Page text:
Friday, October 17, 2008

When hope was alive - in Pakistan

When hope was alive By Dr Manzur Ejaz; October 17th, 2008

Recounts the flavour of the 1960s and '70s and portrays some memorable characters of the time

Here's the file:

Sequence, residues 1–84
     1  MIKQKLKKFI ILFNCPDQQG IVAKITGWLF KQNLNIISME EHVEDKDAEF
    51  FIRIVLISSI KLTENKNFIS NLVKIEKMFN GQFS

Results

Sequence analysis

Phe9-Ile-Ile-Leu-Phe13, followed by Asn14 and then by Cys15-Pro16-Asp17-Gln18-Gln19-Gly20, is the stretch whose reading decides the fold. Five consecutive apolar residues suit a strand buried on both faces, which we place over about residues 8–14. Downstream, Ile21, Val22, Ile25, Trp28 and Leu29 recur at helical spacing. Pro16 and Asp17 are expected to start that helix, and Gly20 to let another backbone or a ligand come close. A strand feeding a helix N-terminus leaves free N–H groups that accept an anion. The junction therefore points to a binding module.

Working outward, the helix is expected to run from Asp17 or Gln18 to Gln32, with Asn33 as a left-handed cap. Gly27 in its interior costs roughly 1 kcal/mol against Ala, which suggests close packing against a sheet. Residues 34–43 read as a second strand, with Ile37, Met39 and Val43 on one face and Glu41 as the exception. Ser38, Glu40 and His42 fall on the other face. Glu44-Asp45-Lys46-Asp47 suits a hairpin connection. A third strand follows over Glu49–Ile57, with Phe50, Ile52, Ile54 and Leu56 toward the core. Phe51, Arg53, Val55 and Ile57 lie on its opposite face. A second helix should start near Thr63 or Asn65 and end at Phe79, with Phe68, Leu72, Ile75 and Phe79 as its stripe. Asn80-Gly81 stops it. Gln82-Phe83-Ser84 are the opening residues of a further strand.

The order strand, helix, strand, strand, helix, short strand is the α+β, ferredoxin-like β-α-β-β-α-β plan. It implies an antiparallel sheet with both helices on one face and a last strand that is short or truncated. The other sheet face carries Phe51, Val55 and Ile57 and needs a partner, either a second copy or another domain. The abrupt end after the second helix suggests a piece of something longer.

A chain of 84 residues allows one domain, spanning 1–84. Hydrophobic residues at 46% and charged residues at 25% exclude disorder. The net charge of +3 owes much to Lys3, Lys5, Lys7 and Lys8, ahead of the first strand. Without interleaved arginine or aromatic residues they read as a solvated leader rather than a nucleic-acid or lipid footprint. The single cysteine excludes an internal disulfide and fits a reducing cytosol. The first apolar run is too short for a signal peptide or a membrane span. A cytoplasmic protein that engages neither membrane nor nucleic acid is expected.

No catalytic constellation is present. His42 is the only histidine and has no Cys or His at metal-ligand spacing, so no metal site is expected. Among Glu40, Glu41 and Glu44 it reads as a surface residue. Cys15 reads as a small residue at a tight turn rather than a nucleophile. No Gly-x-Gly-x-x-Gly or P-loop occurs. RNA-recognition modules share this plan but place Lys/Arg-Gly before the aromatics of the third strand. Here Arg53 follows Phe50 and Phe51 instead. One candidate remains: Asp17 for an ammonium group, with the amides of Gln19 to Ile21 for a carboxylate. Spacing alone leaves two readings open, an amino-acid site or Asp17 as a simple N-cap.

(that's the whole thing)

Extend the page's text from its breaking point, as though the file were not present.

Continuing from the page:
I have rarely come across an intellectual and philosopher of the late Dr Aziz-ul-Haq’s calibre in Pakistan. His intellectual defiance resembled that of the 17th century mystic poet Shah Hussain, who defied the Mughals and danced in the city of Lahore, rousing the rabble. Hussain’s methodology was like Socrates’, to lay bare the contradictions in society through questioning. Dr Aziz-ul-Haq was an intellectual cheetah. He would enter Lahore’s Pak Tea House, that hang-out of the literati in the 1960s and 1970s, target his victim, question him patiently, and then with swift logic and a high-pitched passionate tone, deliver a series of rapier-sharp ripostes. This would leave the other side speechless. He always made sure that his Marxist-Existentialist arguments carried the day and convinced his young audience. However, most of his contemporaries and writers from an older generation hated him. This included those who agreed with his politics and philosophy. They objected to his overbearing style, which had to silence the opposing side. It is ironic that I have met the intellectuals I adore through people who had no interest in them.

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